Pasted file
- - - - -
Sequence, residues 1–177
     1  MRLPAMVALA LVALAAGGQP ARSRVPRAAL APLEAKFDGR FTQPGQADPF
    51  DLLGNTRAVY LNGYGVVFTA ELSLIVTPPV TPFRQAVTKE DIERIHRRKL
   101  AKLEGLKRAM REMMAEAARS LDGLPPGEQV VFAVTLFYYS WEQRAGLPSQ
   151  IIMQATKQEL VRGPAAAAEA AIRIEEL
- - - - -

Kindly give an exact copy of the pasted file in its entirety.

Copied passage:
Sequence, residues 1–177
     1  MRLPAMVALA LVALAAGGQP ARSRVPRAAL APLEAKFDGR FTQPGQADPF
    51  DLLGNTRAVY LNGYGVVFTA ELSLIVTPPV TPFRQAVTKE DIERIHRRKL
   101  AKLEGLKRAM REMMAEAARS LDGLPPGEQV VFAVTLFYYS WEQRAGLPSQ
   151  IIMQATKQEL VRGPAAAAEA AIRIEEL